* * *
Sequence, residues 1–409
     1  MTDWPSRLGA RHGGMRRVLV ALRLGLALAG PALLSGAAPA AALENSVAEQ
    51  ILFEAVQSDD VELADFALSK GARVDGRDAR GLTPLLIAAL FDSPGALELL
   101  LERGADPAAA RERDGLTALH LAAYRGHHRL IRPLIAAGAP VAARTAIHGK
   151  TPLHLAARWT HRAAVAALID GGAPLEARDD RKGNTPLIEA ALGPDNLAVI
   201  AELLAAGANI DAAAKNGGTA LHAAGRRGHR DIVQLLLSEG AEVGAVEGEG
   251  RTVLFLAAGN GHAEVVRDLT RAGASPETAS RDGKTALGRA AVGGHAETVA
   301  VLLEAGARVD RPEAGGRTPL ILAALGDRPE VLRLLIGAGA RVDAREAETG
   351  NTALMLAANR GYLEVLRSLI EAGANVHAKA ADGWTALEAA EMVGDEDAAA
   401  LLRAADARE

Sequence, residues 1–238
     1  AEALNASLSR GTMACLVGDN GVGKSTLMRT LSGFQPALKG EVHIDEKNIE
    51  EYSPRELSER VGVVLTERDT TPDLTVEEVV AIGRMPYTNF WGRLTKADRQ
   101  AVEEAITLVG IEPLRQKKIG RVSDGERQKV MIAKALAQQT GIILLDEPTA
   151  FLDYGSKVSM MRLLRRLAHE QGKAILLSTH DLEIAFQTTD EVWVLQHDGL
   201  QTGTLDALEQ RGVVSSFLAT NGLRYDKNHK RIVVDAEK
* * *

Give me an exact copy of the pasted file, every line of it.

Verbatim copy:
Sequence, residues 1–409
     1  MTDWPSRLGA RHGGMRRVLV ALRLGLALAG PALLSGAAPA AALENSVAEQ
    51  ILFEAVQSDD VELADFALSK GARVDGRDAR GLTPLLIAAL FDSPGALELL
   101  LERGADPAAA RERDGLTALH LAAYRGHHRL IRPLIAAGAP VAARTAIHGK
   151  TPLHLAARWT HRAAVAALID GGAPLEARDD RKGNTPLIEA ALGPDNLAVI
   201  AELLAAGANI DAAAKNGGTA LHAAGRRGHR DIVQLLLSEG AEVGAVEGEG
   251  RTVLFLAAGN GHAEVVRDLT RAGASPETAS RDGKTALGRA AVGGHAETVA
   301  VLLEAGARVD RPEAGGRTPL ILAALGDRPE VLRLLIGAGA RVDAREAETG
   351  NTALMLAANR GYLEVLRSLI EAGANVHAKA ADGWTALEAA EMVGDEDAAA
   401  LLRAADARE

Sequence, residues 1–238
     1  AEALNASLSR GTMACLVGDN GVGKSTLMRT LSGFQPALKG EVHIDEKNIE
    51  EYSPRELSER VGVVLTERDT TPDLTVEEVV AIGRMPYTNF WGRLTKADRQ
   101  AVEEAITLVG IEPLRQKKIG RVSDGERQKV MIAKALAQQT GIILLDEPTA
   151  FLDYGSKVSM MRLLRRLAHE QGKAILLSTH DLEIAFQTTD EVWVLQHDGL
   201  QTGTLDALEQ RGVVSSFLAT NGLRYDKNHK RIVVDAEK